Friday Arts Diary

Our cultural picks for the week ahead.

Film

Returning to Oz. BFI, Southbank, London SE1, 1-14 March 

In anticipation of Sam Raimi’s soon-to-be-released Oz: The Great and Powerful, the BFI will be screening Victor Fleming’s 1939 classic film The wizard of Oz as well as two early film adaptations: The Patchwork Girl of Oz (1914) with live piano on 1 and 3 March, and The Wonderful Wizard of Oz (1910) which is the earliest surviving film of the Oz story.

Dance

Mise en Scene.  Barbican Centre, London EC2, until 9 June

Leading contemporary artist Philippe Parreno has devised this performance in conjunction with the Barbican’s featured exhibition- The Bride and Bachelors: Duchamp with Cage, Cunningham, Rauschenberg, and Johns. Inspired by the choreography of Cunningham and the music of John Cage, two Yamaha Disklavier pianos will be playing his scores during the dancers’ performances. Due to Cage’s fervent interest in soundscapes, Parreno has devised his own interpretation of Cage’s 4’33”

Live dance "Events"  will be performed on Thursday evenings and weekends throughout the duration of the exhibition by dancers from Richard Alston Dance Company and by students and graduates from London Contemporary Dance School
 

Theatre

The Captain of Kopenick. National Theatre, London SE1, until 4 April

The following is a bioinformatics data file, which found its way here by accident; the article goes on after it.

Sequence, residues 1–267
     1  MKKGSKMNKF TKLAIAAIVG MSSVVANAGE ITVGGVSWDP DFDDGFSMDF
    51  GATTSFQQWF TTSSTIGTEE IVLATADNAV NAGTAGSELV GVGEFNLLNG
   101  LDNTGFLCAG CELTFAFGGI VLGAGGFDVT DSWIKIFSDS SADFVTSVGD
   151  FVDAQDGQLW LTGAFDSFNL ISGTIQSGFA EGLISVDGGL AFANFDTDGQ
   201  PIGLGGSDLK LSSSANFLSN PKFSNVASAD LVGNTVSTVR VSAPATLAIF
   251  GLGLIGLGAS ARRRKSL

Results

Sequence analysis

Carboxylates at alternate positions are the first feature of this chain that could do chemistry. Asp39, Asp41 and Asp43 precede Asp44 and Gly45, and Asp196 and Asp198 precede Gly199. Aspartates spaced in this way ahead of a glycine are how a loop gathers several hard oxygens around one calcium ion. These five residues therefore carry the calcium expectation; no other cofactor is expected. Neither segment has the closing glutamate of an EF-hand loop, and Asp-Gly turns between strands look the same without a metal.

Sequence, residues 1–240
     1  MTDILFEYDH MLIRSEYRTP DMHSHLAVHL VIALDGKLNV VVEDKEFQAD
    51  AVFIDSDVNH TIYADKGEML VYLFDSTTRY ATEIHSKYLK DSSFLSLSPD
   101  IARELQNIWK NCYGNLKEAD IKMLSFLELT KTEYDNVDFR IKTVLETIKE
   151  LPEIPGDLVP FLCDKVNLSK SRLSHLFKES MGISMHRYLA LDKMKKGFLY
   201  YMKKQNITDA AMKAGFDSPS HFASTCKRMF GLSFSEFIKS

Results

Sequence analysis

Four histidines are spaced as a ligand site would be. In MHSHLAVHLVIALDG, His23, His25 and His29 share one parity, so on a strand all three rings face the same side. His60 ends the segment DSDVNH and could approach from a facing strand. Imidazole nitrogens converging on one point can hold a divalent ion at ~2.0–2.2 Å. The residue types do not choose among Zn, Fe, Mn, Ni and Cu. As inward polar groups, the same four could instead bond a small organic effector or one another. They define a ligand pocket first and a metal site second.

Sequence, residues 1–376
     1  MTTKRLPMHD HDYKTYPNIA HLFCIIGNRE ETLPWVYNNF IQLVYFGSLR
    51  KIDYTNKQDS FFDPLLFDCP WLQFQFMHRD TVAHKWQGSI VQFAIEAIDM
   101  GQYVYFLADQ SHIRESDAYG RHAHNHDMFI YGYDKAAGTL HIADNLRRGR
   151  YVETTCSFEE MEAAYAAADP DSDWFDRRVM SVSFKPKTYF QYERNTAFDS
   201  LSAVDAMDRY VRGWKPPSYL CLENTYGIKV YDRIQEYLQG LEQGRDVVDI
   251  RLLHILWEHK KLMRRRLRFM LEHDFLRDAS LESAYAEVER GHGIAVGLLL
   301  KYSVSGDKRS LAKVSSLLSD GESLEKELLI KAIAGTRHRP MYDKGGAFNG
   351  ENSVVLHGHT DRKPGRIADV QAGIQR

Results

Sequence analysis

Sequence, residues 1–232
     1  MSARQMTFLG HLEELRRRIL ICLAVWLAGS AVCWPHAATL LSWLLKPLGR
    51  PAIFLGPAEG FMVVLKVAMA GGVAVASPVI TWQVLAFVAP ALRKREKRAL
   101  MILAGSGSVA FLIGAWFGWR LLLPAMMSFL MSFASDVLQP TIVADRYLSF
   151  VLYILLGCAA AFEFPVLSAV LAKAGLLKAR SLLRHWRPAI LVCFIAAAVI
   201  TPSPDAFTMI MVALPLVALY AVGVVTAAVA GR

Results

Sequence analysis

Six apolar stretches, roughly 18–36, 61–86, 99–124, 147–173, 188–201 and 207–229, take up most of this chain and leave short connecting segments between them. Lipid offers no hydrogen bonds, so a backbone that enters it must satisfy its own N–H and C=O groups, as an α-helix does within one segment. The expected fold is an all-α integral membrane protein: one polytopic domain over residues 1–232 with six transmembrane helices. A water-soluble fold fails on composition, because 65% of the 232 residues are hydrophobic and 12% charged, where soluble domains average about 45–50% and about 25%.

“I used to think all the trouble in the world was caused by people giving orders. Now I reckon that it’s people being so willing to take them.”

Petty criminal Wilhelm Voigt has just been released from prison. He wanders 1910 Berlin in pursuit of his identity papers. When he picks up an abandoned military uniform in a fancy-dress shop, he finds the city ready to obey his every command. At the head of six soldiers, he heads to the Mayor’s office and confiscates the treasury with ease on the grounds of speculated corruption. However, what he seeks is official recognition of his existence. Ron Hutchinson’s humourous take on Carl Zuckmayer’s The Captain of Köpenick, first staged in Germany in 1931, sees Antony Sher starring in the title role.

 

Art

Art13 London. Olympia Grand Hall, London W14, 1–3 March

Art13 London is the capital’s brand new art fair for modern and contemporary art. The first edition will showcase 129 leading galleries from 30  countries and will exhibit thousands of artworks, including painting, sculpture, photography, prints and editions or multimedia, with prices ranging from £100- £500, 000. Sculptures by emerging and established sculptors will be on display outside the fair and a series of free tours, performances, talks and high-profile panel discussions will take place. In addition, 21 large scale sculptures by contemporary sculptors will be exhibited as "Art 13 Projects".

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The Negroni fools no one – it’s easy to make and contains nothing but booze

It is the colour of danger, a red rag to anyone jaded by cocktail-world bull.

The cocktail is designed to lie about its origins; no wonder it reached its apogee during Prohibition, which forced everyone with an unrepentant thirst to lie about their cravings. Even today, when only extreme youth, religious belief or personal inclination prevents a person from draining the bar dry, the cocktail continues its career of dishonesty. It hides ingredients or methods. It provides a front for poor-quality booze. And it often dissolves, within its inscrutable depths, mountains of sugar, enabling drinkers to pose as sophisticates while downing something that tastes like a soft drink – to get drunk without leaving the playpen.